09/26/2020   UN LUGAR PARA SUENOS  (A PLACE OF DREAMS)      Merely Players    

           
CUBAN DIASPORA

In 1957, Cuban revolutionary Menelao Mora Morales died in a failed attack on President Batista's palace.  Saul Aguilar was a young man given responsibility over Menelao's cache of weapons.

 

In 1960, Fidel Castro succeeded in overthrowing Batista, only to replace that repressive regime with his own.  Children across the island were bribed with Ice Cream to accept their new indoctrinational education.

 

As the Castro regime continued, parents desperately tried to escape with their children, elders courageously sent their families to America and stayed behind to ensure escape, young children faced exile without their parents, child brides alone in America giddily braved their equally young husbands.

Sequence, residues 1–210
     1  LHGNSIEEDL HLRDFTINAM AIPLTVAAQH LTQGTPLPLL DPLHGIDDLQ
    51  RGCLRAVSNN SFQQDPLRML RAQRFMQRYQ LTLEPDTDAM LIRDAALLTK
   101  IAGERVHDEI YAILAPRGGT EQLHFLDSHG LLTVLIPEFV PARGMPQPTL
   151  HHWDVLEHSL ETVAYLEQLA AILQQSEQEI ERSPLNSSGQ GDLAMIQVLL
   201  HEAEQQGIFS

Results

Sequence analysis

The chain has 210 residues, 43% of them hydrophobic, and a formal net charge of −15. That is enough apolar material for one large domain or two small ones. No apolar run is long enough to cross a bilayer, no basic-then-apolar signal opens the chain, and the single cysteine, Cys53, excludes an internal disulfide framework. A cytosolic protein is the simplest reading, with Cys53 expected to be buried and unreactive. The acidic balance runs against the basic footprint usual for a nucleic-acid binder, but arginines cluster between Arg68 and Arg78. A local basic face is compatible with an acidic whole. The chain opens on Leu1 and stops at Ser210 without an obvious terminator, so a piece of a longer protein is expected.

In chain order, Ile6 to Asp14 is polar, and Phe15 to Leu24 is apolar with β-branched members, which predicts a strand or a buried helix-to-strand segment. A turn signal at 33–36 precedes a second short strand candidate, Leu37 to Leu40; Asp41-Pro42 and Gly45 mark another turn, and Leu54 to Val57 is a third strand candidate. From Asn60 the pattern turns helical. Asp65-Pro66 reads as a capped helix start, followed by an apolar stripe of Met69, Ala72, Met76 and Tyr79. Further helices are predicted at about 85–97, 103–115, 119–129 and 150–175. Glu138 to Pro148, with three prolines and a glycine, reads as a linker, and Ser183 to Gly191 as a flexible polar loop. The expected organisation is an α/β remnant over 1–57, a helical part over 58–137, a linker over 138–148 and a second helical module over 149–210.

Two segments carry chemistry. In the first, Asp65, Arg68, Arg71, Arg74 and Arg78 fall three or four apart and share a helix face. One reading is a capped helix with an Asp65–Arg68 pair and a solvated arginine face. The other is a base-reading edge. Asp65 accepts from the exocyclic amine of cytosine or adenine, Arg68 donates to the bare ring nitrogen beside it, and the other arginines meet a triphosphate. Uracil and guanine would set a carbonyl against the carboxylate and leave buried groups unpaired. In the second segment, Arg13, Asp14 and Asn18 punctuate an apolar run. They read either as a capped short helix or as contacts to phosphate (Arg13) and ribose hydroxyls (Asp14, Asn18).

Many of the diaspora from the Cuban revolution congregated in Atlanta, and in 1977,.the Atlanta Cuban Club opened its doors, providing “a social and cultural venue with the objectives of promoting and preserving Cuban traditions and

culture, but also welcoming citizens from other countries who wanted to share in those objectives.”  

 

Even more recently, the Atlanta Cuban Club provided Merely Players and Merely Writers with a stable venue for meetings and performances.  Now, that kindness is being returned.  Writers interviewed many of the club members and compiled their stories into Un Lugar Para Suenos (A Place of Dreams), live-streamed last night and now available any time for on-demand viewing.

 

These are all compelling stories and characters, beautifully performed, and delivered in an elegant and nicely filmed and edited work that is sure to move, sure to inspire.